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Securing Your Child’s Future With Tax Free Savings

by Mike

A combination of the phasing out of the Child Trust Fund and the popularity of the ISA savings product has led to the UK government launching a new ‘Junior ISA’, aimed at savings for the under-18s. But how does it compare to the 529 plan available in the US?

Up until January of this year, parents were able to save for their children’s future by putting money into a Child Trust Fund (CTF). The way these trust funds worked was that the UK government would provide parents with a cash incentive that they could place into a tax-free savings account and then add up to £1,200 per year.

Once the money had been placed in the account it could not be touched until it had been transferred over to the child on their 18th birthday.

Now that these have been phased out the government is looking for other ways to get parents to save for their children’s future and the Junior ISA could be the answer.

But one stipulation of this new Junior ISA is that the money will be ‘locked in’ to the account until the child turns 18 and so it looks set to work more like the old CTF rather than the cash ISA and stocks and shares ISA already available in the UK (click here to learn more about ISA savings accounts).

Unlike the CTF, however, instead of the money going straight to the trustee the account will simply become an ‘adult’ ISA once the child turns 18.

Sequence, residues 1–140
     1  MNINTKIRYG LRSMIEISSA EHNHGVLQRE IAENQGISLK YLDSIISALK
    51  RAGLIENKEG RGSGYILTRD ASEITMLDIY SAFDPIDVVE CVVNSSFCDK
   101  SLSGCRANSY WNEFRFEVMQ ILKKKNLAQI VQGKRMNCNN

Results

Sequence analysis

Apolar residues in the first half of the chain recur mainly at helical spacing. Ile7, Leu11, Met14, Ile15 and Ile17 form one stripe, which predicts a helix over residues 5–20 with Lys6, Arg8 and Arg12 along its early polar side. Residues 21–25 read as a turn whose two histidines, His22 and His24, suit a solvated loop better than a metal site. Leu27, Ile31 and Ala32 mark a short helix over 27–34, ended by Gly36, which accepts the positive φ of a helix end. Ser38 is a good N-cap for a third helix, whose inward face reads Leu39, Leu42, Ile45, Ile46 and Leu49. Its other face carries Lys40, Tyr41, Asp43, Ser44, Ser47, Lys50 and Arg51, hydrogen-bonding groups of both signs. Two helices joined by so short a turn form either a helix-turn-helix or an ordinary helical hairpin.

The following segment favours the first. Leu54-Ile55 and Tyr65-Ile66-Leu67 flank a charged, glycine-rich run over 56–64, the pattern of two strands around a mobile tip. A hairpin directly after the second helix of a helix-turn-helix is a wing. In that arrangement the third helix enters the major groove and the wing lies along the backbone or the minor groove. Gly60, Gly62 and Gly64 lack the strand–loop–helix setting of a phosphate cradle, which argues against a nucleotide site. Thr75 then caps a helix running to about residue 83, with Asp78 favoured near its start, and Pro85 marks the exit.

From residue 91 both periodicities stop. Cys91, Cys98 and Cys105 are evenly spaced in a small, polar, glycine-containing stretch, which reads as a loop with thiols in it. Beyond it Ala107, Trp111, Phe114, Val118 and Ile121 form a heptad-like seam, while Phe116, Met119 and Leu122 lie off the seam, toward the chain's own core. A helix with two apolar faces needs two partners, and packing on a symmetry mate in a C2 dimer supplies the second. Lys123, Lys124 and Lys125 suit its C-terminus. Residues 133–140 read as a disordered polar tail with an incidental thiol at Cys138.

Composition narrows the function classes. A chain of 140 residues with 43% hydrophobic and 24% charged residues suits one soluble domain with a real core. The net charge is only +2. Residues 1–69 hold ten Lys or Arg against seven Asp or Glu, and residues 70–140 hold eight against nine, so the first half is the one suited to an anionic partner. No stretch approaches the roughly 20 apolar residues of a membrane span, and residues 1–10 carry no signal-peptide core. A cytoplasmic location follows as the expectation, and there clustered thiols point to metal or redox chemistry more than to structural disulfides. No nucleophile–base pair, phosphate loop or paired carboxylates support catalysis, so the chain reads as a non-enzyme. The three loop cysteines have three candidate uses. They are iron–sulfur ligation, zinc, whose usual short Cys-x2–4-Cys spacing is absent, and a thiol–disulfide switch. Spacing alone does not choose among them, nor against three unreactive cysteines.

Furthermore, there will be no government contributions into each child’s savings fund.

The ways in which the new accounts will act like an ISA is that it will offer an option to save in cash or stocks and shares and the annual savings limit will be increased to £3,000 per year.

This figure is substantially less than the amount that can be put into a 529 plan, the product used by many adults in the US use as a tax-avantaged way to save for their children’s college fund.

But whilst the 529 plan offers tax breaks and is a savings vehicle for children’s future it varies massively from the UK’s ISA product, mainly because it is designed solely for use as a college fund.

Any savings put into a 529 plan can only be used for college related items, such as tuition fees, books and supplies, whereas the ‘Junior ISA’ does not stipulate how the money saved must be spent. The obvious downside to this is that although it is the parents that have been saving the money, they have no say in how it is eventually used. So whilst they may have been saving for their child’s education there is no guarantee that the child will want to spend this on their education!

The plans also differ in that money can normally be taken from a 529 plan at any time but there is no facility to withdraw money from a Junior ISA.

One way in which the plans are similar is that they both offer multiple ways to save.

Anyone saving money in a 529 plan has the option of a prepaid or a savings plan. The prepaid plan allows parents to purchase tuition credits at their current rate and then use them when their child needs them in the future. The savings plan allows parents a variety of age-based asset allocation options that will be based upon market performance.

The Junior ISA will allow parents to save in cash or through the purchase of stocks and shares.

Although both plans do offer tax incentives to savers and give parents the chance to save for their child’s future they are completely different savings vehicles.

But whichever side of the Atlantic you are on, it’s good to know that there are products available that can benefit your child’s future and not benefit the tax man.

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{ 1 comment… read it below or add one }

Justin @ MoneyIsTheRoot

Pretty cool idea here… though I’d rather see a stipulation of 18 years of age, or college/trade school entrance. There are many kids that have freshman year in college prior to turning 18
Justin @ MoneyIsTheRoot´s last [type] ..My Financial Motivation

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